Why forested Colorado barely has a Christmas tree industry

· Dec. 4, 2023, 4:00 am
Christmas trees for sale in Denver's Berkeley neighborhood. Dec. 1, 2023.Christmas trees for sale in Denver's Berkeley neighborhood. Dec. 1, 2023.Kevin J. Beaty/Denverite
Christmas trees for sale in Denver's Berkeley neighborhood. Dec. 1, 2023.

Colorado farmers are known for many beloved crops, from Palisade peaches and Olathe sweet corn to Rocky Ford melons.

Not on the list? Christmas trees.

 “And yet if you look out the window as you're driving up into the foothills and the mountains, you see pine trees everywhere,” said Tim O'Connor, executive director of the National Christmas Tree Association.

Even though his organization is based in Littleton, it has no Colorado members. Farmers in the state have historically found other land uses more profitable, O’Connor explained. 

“Typically, Christmas trees are grown on land that's really not suitable for other higher-valued crops,” he said. “They're grown on hilly ground. They're grown on soils that don't support other crops well. They're grown in cooler climates.”

That’s why almost any tree waiting to be purchased on a lot or outside a grocery store across the state has almost certainly taken a multi-state trip to reach holiday customers. Colorado’s pre-cut trees usually come from Oregon, Michigan, and Wisconsin, O’Connor said. North Carolina is another big Christmas tree hub, but those often stay on the East Coast. 

Christmas trees for sale in Denver's Berkeley neighborhood. Dec. 1, 2023.Kevin J. Beaty/Denverite
Christmas trees for sale in Denver's Berkeley neighborhood. Dec. 1, 2023.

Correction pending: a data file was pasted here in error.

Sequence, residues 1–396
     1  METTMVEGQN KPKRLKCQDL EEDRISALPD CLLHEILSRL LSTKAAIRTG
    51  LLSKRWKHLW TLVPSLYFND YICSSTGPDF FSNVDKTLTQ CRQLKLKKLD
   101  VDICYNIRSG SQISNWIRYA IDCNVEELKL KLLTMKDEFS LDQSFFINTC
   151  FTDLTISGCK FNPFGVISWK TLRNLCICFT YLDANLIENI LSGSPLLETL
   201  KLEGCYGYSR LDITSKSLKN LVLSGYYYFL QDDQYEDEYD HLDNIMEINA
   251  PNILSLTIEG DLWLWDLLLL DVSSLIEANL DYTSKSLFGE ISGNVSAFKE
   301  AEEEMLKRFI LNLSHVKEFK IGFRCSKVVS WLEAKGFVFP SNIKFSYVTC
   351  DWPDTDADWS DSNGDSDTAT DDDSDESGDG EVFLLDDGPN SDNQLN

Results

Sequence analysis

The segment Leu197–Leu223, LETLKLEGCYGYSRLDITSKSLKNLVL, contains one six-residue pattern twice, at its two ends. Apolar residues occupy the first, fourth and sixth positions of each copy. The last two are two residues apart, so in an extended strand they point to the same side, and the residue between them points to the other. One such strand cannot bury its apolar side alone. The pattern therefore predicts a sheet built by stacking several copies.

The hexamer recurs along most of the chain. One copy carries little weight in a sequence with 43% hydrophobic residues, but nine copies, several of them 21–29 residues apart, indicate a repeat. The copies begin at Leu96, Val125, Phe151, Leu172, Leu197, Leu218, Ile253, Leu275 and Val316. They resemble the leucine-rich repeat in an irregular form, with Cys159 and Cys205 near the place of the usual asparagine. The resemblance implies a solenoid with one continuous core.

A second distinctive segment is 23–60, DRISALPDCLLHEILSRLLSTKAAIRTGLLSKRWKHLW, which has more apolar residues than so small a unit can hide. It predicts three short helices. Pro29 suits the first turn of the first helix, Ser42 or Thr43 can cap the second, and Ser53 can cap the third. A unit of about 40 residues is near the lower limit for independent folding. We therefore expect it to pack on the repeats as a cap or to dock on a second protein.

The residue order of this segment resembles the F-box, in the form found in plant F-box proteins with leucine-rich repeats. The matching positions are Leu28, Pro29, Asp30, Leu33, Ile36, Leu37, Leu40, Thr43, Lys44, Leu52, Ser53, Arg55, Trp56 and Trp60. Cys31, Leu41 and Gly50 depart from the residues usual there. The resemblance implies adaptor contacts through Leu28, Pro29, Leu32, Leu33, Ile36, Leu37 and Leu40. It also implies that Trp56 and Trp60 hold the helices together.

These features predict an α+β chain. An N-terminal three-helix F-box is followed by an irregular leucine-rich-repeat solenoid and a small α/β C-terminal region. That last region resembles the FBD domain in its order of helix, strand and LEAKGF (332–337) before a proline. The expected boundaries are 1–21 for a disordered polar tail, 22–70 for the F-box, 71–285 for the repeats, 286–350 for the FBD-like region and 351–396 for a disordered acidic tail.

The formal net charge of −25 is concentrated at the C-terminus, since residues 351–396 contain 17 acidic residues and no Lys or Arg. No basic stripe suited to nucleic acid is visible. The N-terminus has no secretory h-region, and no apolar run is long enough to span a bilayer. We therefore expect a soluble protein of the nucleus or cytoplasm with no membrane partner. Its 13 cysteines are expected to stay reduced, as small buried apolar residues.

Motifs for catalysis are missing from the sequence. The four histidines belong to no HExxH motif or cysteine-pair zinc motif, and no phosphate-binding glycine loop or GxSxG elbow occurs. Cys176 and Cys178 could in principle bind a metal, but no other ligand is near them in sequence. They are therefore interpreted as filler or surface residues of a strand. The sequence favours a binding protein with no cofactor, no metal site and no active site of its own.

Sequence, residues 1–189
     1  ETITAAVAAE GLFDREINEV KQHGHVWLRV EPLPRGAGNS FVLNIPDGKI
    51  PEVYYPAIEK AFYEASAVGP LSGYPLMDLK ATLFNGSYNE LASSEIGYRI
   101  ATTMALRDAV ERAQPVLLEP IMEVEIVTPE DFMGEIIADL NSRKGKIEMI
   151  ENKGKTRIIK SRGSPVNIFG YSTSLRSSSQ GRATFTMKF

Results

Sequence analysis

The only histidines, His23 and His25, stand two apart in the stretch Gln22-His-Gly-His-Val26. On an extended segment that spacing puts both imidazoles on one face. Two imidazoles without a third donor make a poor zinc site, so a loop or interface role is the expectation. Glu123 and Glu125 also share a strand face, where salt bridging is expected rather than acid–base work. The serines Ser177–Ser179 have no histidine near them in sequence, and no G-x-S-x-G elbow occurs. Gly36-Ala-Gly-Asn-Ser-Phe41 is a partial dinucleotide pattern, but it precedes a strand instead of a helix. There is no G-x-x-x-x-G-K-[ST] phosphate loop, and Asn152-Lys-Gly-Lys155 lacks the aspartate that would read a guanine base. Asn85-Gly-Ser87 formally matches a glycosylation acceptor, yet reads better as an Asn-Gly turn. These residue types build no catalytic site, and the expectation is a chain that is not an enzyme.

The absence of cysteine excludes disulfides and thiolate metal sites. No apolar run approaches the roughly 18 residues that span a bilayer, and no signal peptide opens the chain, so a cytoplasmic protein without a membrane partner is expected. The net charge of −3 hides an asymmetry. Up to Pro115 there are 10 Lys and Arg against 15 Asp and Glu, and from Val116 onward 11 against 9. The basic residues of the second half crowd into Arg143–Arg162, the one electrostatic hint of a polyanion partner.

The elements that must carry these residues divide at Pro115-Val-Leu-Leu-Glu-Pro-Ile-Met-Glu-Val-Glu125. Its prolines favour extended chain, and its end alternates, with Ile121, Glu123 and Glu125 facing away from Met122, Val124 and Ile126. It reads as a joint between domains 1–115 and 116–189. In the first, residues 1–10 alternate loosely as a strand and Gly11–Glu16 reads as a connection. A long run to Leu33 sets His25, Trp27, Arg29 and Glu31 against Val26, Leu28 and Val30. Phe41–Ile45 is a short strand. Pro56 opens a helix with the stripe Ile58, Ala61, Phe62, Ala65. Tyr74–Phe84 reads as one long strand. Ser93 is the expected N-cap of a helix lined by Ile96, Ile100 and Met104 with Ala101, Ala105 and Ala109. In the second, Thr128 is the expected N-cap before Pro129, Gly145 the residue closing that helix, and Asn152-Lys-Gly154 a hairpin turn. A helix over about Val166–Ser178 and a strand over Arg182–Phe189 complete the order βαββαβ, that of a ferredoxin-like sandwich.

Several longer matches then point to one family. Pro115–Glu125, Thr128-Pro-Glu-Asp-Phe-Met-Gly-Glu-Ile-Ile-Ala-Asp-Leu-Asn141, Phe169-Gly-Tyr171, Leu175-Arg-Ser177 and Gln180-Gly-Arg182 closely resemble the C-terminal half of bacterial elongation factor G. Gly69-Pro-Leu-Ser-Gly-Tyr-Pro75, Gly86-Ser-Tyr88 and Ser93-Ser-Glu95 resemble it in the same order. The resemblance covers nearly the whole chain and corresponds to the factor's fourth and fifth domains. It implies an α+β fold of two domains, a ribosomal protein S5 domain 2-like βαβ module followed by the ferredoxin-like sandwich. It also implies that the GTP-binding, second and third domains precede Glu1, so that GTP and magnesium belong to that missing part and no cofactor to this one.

In Montrose, however, there is one exception: Covered Bridge Ranch, where people can cut down their own Christmas trees. Natalie Riessen co-owns the farm with her father, Gary. As far as they know, they’re “the only game in town,” meaning the only you-cut tree farm in the state.

“In Colorado, it’s very difficult to grow trees because of its intense sun and heat,” Riessen said. 

It doesn’t help that the region gets very little rainfall and that it takes eight to 10 years to grow a typical 6-foot tree. But Riessen and her father have been successfully growing Christmas trees since 2005 — and they sell about 1,000 a year. 

Several things help keep their business strong, Riessen explained. First is planting a diverse selection of trees — more than half a dozen varieties — so the crop is less susceptible to pests. Covered Bridge Ranch also uses drip irrigation, and the Riessens don’t pull any weeds, which gives the ground natural cover and keeps the soil cooler. 

Christmas trees for sale in Denver's Berkeley neighborhood. Dec. 1, 2023.Kevin J. Beaty/Denverite
Christmas trees for sale in Denver's Berkeley neighborhood. Dec. 1, 2023.

Probably the biggest thing that makes their you-cut farm possible, however, is that the Riessens’ business doesn’t depend on it. The family business makes most of its money throughout the year by selling trees for landscaping. The Christmas tree farm in the winter, along with a pumpkin patch in the fall, gives them name recognition and their employees year-round work.

Riessen thinks that nostalgia attracts customers to her farm, where families can roam several acres looking for just the right tree to put in their home. 

“It’s an experience you share, a multi-generational thing,” she said. “It’s one of the few things you can do together as a family.” 

If you can't make it out to Montrose and have your heart set on a Colorado-grown Christmas tree, you do have other options. Several tree sellers on the Front Range offer a small selection of pre-cut, locally sourced trees along with their larger inventory, including Tomari’s Trees in Morrison and Heidrich’s Colorado Tree Farm Nursery in Colorado Springs.

And for those with the time, vehicle, and good winter boots, there’s always the option to cut down your own free-range tree on National Forest Service land. Information on permits, rules, and locations is available on the U.S. Forest Service website.  

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